Are you looking to shed a few pounds? It’s not easy to lose weight by simply working out. Kevin Hall, chief of integrative physiology National Institutes of Health (NIH), explains that most people eat so many calories each day that they would need to exercise a lot to lose weight.

However, this doesn’t mean that physical activity should be neglected in your efforts to lose weight. Research shows that combining exercise with diet changes is the best way to lose unwanted weight. One study that looked at 439 overweight or obese postmenopausal females found that exercising in conjunction with diet helped to lose significantly more body weight than those who only ate.

Exercise appears to be the key to keeping your weight off after you have lost it. Hall and other NIH researchers examined contestants on the reality TV series .The Biggest loser to find that people who exercised regularly were more likely to maintain their weight loss six years later.

The National Weight Control Registry, a database that includes more than 5,000 Americans who have lost significant weight and maintained it, supports the combination approach. Surveys showed that 98 percent of participants had modified their diets, and 94% increased their physical activity. For maximum weight loss, exercise is a key component of your overall health. Experts have tips for you on how to set up your workout to maximize your “caloric offset” and what activities to do together.

Try to get at least 50 minutes per day. It works.

The bad news is that many people unknowingly compensate for the calories burned by exercise by eating more calories and moving less. A new study shows how to avoid this caloric-compensation trap.

Researchers at the University of Kentucky recently discovered that if you exercise enough (300 minutes per week), you can still lose weight and reduce fat.

The 2020 study saw the researchers assign one group of overweight people to exercise 6 days per week for 40-60 minutes or 240-360 minutes per week and another group to exercise at least 180 minutes per week. The exercise increased calories, and both groups consumed more calories. However, the first group lost significantly more weight. Researchers speculated that the participants consumed enough calories to compensate for the increased eating.

Increase your heart rate (without going crazy)

Deborah Riebe, a professor of kinesiology from the University of Rhode Island, said that to lose weight, you must burn more calories than you eat. Walking at a slow pace is a sign that you aren’t burning calories.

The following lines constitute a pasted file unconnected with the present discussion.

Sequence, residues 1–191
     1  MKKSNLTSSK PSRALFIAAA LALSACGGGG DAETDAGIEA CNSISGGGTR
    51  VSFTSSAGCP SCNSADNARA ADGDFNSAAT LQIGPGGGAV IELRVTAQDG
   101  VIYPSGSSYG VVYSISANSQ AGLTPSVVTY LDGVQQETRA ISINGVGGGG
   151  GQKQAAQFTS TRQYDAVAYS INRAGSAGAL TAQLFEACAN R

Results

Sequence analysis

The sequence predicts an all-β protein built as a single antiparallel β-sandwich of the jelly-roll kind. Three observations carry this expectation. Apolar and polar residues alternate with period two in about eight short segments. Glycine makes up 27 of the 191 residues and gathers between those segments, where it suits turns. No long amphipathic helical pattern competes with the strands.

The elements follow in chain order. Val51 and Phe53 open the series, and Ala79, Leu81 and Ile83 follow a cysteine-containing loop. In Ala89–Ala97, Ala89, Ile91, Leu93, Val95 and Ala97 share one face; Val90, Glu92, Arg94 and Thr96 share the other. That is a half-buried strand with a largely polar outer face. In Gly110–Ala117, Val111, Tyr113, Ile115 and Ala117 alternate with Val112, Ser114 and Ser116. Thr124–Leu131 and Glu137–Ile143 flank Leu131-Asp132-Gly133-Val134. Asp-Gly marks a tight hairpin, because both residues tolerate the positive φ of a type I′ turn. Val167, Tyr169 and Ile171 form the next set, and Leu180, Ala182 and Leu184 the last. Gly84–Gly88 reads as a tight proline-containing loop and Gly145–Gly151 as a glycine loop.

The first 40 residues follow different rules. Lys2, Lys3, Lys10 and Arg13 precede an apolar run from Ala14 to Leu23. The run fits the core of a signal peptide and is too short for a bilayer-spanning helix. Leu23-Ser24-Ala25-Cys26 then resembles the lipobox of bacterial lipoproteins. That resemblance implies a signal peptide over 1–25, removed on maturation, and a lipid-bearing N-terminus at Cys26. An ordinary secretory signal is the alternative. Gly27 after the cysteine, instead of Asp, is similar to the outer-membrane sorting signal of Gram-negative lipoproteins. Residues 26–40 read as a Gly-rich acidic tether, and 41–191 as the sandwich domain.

Swimming, biking, and running can all help to increase your calorie burn. Hour-long cardio classes at the gym can also be a good option. Riebe suggests that you can increase your calorie output by increasing the pace. “The more you work, the more calories are burned in a shorter time.” One caveat? According to the American College of Sports Medicine, doing too much too fast can increase your risk of fatigue and soreness, as well as make it more likely that discouragement and burnout will occur.

Joseph Signorile, professor at the University of Miami’s department of kinesiology and sports sciences, suggests that you should always start slowly if in doubt. He also recommends that you gradually increase your intensity to avoid being injured.

Strength training (every other day, for life)

Lifting weights can help you lose weight, in addition to cardiovascular exercise. Iowa State researchers published a study in June 2021 that found middle-aged adults who exercised at least twice per week were 20-30 percent less likely to become obese.

What could it be? After the age of 30, your muscle mass decreases by 3 to 8 percent per ten years. Riebe states that the rate of muscle loss accelerates after age 50. Fat burns fewer calories than muscle, so your metabolism will slow down, and you’ll burn fewer calories each day. Riebe states that losing weight can lead to more muscle loss. Resistance training can be a great addition to your workout routine.

High-intensity intervals (slow to fast walking counts)

Stephen J. Carter, a cardio physiologist at Indiana University, states that short bursts with intense exercise are a proven way to get more from your workout. Then follow up with slower, more demanding work. Research shows that high-intensity interval exercise, or HIIT, can help you lose more fat than if your workout is continuous and steady.

Carter suggests that you alternate between walking for three mins at a leisurely pace, then moving at a fast pace for one minute. You can also do similar intervals while riding a bicycle. It doesn’t have to be intense. He says it is sufficient to go at a slower pace than what you can sustain for long periods of time.

Studies have shown that HIIT can be used to burn fat and increase insulin function. It can also reverse aging at the cellular level. Research has shown that HIIT can temporarily increase your resting metabolism so that you continue to lose fat even after you’re done.

Sit less and move more (and set reminders)

Even if you exercise regularly, there is evidence that prolonged sitting increases your risk for obesity, diabetes, and cancer. It won’t help you lose weight. Riebe states, “If you exercise for 30 minutes at the gym, it’s fine. But if you sit around all day, the exercise you did from a caloric standpoint won’t mean anything.”

Experts recommend that you include physical activity in your day. This could be anything from doing squats during TV commercials to setting step goals or using a fitness app to track your steps.

Hall suggests that instead of focusing on weight loss, focus on getting more exercise and making lifestyle changes that are easy to implement every day. If you do these things, the chances of losing weight will increase.

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